There are lots of extremely distraught people in America today. Maybe traumatized is a better word. They are upset that Donald Trump was elected President. I know that because I’ve been watching them curse, scream, cry, rant and rave all over the news and my Twitter feed for more than a week now.
I have a message for all those people: Grow the f*** up. This is America, and we have a process called democracy. Maybe you’ve heard of it. It’s been around a lot longer than you and this is how it works: We campaign, we vote, and when it’s over, we get over it and work together to make this world a better place.
What we don’t do, because it doesn’t work, is this:
In cities across America, protestors chanting “not my president” are burning flags, defacing buildings, blocking highways, setting fires, and burning Trump in effigy amid calls for revolution and violence. Many of the protests were reportedly organized by left-leaning MoveOn.org.
Meanwhile, tech elites took to Twitter to thump their chests and denigrate the roughly 60 million Americans that supported Trump.
M.G. Siegler of Google Ventures tweeted “We’re f—ed. Not because of Trump necessarily. But the people who elected him.” Zynga chairman Mark Pincus compared our president elect to Hitler. Hyperloop One’s Shervin Pishevar plans to fund a campaign for California to secede. And blogger Anil Dash wrote, “I am not afraid of that motherf—er.”
But the award for childish, unprofessional behavior goes to 500 Startups founder Dave McClure, who had a complete meltdown on stage at a tech conference in Lisbon. After dropping F-bombs for a full minute and making everyone on stage feel pretty darn uncomfortable, he called Trump an a–hole and shouted, “This s–t will not stand!”
— Adrian Weckler (@adrianweckler) November 9, 2016
Well, I’ve got news for McClure, the Silicon Valley elites, and all the whiny children who think that hurling expletives, stomping their feet, and throwing temper tantrums will change reality: This will stand. Trump is your president. And if you’re not with him, you’re against Hillary Clinton, Barack Obama, and a who’s who of great CEOs.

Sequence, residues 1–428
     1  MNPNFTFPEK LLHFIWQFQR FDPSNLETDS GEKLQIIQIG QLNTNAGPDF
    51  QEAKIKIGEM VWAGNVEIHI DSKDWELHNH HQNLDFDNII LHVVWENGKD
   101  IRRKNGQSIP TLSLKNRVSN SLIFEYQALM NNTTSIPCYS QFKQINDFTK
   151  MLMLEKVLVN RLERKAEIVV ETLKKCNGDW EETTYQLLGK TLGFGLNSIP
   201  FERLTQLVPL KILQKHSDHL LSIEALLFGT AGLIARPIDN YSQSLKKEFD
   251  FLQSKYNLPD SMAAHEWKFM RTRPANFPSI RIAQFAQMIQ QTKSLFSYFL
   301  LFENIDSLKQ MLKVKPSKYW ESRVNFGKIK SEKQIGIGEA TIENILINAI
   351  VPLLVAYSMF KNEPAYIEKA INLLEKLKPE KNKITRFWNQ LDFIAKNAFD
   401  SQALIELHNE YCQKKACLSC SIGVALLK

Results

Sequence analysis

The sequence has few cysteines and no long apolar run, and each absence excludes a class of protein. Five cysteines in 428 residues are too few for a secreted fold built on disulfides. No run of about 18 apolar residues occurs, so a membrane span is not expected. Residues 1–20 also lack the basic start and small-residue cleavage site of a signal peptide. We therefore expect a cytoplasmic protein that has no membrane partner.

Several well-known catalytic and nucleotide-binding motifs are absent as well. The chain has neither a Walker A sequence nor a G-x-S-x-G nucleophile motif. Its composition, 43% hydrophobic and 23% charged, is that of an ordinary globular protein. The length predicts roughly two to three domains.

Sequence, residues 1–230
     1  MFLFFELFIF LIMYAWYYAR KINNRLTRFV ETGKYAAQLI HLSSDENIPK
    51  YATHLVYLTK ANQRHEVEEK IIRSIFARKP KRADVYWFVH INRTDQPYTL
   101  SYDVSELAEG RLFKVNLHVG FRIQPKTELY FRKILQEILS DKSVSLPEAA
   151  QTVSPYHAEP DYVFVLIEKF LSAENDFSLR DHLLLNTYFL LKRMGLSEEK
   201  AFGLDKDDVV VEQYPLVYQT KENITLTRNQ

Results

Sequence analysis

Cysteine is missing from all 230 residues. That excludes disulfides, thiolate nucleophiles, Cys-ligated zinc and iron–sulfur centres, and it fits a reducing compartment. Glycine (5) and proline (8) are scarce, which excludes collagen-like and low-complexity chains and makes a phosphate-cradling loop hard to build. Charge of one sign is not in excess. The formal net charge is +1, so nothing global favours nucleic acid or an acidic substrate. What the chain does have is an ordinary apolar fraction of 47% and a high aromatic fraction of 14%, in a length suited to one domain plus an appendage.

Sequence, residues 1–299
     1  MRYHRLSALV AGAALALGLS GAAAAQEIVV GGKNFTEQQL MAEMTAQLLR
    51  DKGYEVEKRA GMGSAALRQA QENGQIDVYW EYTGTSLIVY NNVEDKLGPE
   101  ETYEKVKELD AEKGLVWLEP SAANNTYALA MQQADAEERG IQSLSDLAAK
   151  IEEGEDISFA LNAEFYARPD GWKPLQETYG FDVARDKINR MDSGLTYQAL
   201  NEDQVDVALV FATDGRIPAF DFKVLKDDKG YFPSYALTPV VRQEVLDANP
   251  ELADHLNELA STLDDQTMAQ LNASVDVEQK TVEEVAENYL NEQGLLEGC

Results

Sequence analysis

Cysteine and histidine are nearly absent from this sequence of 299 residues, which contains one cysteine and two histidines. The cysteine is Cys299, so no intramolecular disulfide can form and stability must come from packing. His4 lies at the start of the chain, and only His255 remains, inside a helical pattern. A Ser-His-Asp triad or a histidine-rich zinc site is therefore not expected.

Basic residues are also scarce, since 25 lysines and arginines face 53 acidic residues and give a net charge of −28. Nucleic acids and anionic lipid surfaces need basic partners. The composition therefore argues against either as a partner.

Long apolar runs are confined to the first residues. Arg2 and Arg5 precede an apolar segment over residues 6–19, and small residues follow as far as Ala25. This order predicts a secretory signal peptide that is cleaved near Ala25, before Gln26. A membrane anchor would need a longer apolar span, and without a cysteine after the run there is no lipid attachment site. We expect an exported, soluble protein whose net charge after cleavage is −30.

President Obama and Clinton have both emphatically said that all American’s must unite behind Trump to help make him successful and heal our divided nation. When Obama and Trump met at the White House last week, a planned 15-minute meeting turned into an hour and a half. Maybe that was just for show … or maybe they had more in common than they realized, once they opened their minds to each other.
Meanwhile, Salesforce chief executive Marc Benioff – a staunch liberal – tweeted “Congratulations, President Trump. This is what makes America Great–our democracy. Now it’s time for us to come together as one country.”
No fan of Trump, Amazon CEO Jeff Bezos tweeted, “I for one give him my most open mind and wish him great success in his service to the country.”
And, in an email to employees, Apple CEO Tim Cook, who actively supported Clinton, wrote, “Regardless of which candidate each of us supported as individuals, the only way to move forward is to move forward together,” he wrote, “We only do great work and improve the world by moving forward.”
Too many talk about diversity and inclusion without understanding what it really means. It’s not just about race, gender, and sexuality. It’s also about embracing diverse viewpoints and including those who disagree with you in the conversation. It’s about having an open mind instead of kicking and screaming when things don’t go your way.
You know what I call people who talk about diversity and inclusion but are so narrow-minded that they’re not even willing to give someone who challenges their limited worldview the time of day? I call them hypocrites. Sadly, those people are usually so myopic, they can’t even see their own hypocrisy.
Don’t get me wrong. I’m not saying that everyone should just fall in line and march like good soldiers without a dissenting thought in their heads. After all, protest is American. But so is questioning the status quo, and that’s exactly what Trump is trying to do. That’s what his campaign was all about.
Look. Nobody knows if Trump will make a great or a lousy president. But if you want to change things for the better, you have to roll the dice. You have to take risks. And that means being tough, embracing new ideas, having a little faith in humanity, and giving others who think differently a chance to prove themselves. That’s all I’m saying.
Image credit Alice Carrier via Flickr
Portions of this post originally appeared on entrepreneur.com